In part 1 of the post, we discussed some common household items that have been linked to cancer in the past and whether their connection to cancer is based on hype or fact. Here are some of more of such items:
- Cholesterol lowering drugs called statins were implicated as increasing cancer risk in a study conducted in 2007. However the year after, there was another study conducted that found that every person with high cholesterol, whether on statin medication or not, was seen to have elevated cancer risk – so it was concluded that it wasn’t the medication so much as the condition itself that raised cancer risk.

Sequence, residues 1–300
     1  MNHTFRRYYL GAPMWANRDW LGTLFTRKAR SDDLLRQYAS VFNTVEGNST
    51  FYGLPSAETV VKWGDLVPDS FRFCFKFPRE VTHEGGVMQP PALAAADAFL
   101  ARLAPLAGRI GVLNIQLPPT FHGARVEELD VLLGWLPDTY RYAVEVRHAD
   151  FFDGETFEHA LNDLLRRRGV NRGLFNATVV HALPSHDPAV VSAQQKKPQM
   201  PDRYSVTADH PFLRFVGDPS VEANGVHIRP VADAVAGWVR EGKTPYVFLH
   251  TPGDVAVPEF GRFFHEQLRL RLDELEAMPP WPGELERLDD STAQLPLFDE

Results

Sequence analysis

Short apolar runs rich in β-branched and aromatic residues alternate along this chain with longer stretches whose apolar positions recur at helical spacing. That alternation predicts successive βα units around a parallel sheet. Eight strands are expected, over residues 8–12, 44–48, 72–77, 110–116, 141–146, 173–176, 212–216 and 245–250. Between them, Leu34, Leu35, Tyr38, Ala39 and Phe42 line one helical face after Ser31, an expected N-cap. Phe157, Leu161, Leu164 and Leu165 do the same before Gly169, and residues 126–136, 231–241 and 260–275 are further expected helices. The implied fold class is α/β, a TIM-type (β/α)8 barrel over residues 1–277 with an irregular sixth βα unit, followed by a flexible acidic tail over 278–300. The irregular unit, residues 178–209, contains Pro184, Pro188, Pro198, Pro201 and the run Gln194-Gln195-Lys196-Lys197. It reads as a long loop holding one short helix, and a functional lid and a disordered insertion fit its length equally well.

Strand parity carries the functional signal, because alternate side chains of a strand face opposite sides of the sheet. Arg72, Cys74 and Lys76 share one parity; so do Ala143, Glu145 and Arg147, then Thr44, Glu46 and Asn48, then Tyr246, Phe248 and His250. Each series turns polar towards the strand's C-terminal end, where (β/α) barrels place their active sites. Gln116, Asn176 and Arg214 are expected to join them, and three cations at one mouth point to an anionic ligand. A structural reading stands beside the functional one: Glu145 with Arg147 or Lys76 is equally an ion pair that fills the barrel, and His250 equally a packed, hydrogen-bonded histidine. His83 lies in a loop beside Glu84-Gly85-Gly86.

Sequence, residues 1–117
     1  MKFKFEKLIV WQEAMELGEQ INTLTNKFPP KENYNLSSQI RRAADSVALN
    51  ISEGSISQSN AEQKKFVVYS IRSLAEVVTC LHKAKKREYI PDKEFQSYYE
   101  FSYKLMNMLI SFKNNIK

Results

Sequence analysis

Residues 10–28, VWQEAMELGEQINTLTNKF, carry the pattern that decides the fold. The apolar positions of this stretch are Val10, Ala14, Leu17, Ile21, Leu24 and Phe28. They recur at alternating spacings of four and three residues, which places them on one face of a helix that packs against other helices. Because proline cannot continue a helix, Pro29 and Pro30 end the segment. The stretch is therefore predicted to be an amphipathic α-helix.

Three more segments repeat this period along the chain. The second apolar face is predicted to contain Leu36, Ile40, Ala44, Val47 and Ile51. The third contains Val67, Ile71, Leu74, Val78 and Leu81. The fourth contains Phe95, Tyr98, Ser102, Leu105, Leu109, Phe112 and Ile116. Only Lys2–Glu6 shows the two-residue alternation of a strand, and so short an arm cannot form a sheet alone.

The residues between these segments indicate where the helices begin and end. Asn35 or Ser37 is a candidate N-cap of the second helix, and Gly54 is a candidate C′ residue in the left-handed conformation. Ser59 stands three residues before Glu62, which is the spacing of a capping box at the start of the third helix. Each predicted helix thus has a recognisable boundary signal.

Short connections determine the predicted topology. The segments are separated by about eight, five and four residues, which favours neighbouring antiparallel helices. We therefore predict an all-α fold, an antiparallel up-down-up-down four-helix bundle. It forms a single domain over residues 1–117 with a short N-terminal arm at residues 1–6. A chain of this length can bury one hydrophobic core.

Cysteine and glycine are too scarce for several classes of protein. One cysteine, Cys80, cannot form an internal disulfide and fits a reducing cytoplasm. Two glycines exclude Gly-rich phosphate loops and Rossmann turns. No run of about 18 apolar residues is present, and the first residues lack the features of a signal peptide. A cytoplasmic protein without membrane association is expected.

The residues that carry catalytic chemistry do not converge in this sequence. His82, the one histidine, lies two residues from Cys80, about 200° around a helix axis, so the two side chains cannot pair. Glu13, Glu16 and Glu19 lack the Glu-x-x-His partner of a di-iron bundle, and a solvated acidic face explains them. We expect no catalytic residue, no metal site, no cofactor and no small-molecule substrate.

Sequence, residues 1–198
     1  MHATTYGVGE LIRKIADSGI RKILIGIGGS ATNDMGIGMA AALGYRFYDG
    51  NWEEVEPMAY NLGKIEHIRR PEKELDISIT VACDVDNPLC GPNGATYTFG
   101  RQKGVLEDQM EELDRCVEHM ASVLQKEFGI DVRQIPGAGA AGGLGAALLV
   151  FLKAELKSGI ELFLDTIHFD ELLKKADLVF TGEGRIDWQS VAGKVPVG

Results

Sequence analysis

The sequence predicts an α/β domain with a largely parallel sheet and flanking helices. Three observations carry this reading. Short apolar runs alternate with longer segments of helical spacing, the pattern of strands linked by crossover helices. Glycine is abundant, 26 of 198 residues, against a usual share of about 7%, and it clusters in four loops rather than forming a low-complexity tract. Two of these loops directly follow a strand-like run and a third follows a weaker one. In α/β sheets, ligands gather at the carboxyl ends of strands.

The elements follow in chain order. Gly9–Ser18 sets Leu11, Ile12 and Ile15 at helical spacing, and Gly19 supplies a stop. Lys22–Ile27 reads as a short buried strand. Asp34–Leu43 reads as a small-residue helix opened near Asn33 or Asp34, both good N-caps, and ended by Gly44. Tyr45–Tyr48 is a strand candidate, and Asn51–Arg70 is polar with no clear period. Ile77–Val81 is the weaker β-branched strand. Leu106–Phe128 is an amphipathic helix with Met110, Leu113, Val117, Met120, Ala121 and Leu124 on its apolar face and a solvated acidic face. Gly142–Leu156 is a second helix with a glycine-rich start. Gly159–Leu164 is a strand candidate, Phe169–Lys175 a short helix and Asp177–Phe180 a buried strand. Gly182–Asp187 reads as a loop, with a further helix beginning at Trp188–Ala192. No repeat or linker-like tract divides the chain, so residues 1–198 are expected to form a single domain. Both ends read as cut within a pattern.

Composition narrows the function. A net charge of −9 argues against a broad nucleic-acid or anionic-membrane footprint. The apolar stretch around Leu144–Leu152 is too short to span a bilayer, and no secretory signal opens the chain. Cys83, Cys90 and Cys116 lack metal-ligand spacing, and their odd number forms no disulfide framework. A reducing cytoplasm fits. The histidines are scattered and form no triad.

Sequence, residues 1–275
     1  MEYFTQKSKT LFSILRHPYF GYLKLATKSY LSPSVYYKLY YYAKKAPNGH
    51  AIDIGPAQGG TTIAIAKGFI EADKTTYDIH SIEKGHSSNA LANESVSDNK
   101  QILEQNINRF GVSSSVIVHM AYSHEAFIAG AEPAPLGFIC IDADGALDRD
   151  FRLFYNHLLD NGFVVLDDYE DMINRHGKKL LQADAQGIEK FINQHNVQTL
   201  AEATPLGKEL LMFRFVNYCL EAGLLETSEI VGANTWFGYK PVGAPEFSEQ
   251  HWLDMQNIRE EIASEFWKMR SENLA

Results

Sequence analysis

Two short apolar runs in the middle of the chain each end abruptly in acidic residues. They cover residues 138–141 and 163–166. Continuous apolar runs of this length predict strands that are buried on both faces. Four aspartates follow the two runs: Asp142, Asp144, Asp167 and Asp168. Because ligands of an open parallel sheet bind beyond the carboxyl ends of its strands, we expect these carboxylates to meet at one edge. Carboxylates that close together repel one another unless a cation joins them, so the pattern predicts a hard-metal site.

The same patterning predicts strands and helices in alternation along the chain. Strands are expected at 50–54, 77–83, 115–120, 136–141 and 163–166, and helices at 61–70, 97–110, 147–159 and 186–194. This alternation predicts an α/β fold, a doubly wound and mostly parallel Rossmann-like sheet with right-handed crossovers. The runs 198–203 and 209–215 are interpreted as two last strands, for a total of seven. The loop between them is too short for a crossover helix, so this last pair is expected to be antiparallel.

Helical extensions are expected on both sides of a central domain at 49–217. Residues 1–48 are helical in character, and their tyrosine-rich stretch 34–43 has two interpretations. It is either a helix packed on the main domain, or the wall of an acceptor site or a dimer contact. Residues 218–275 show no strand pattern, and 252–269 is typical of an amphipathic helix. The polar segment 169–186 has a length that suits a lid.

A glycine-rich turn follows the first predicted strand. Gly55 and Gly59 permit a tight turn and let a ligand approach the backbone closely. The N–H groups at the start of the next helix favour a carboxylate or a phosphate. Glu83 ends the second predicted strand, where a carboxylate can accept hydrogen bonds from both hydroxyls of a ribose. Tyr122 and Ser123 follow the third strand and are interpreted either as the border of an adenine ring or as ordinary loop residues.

- The ethanol content in commonly used mouthwashes such as Listerine were linked to increased risk of oral cancer since it made mouth tissue more vulnerable to carcinogens, experts said. However it has since been concluded that mouthwash is safe to use if used as directed. People who smoke had best avoid those brands that contain alcohol.
- Cell phones and cancer risk is an ongoing public debate – while claims of cancer risk are regularly made, studies have never been able to establish beyond doubt one way or the other, whether there is a link between brain cancer and cell phone usage. However higher incidence of certain kinds of brain cancer among those who use their cell phones a lot may indicate that we should limit cell phone use in any case.